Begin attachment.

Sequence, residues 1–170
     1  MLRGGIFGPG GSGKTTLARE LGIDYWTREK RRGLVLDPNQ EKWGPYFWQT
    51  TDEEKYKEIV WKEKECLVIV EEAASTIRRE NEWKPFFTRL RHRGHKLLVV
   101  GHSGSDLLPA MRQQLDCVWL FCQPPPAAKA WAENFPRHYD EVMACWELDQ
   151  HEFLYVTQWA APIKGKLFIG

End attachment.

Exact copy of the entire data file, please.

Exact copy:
Sequence, residues 1–170
     1  MLRGGIFGPG GSGKTTLARE LGIDYWTREK RRGLVLDPNQ EKWGPYFWQT
    51  TDEEKYKEIV WKEKECLVIV EEAASTIRRE NEWKPFFTRL RHRGHKLLVV
   101  GHSGSDLLPA MRQQLDCVWL FCQPPPAAKA WAENFPRHYD EVMACWELDQ
   151  HEFLYVTQWA APIKGKLFIG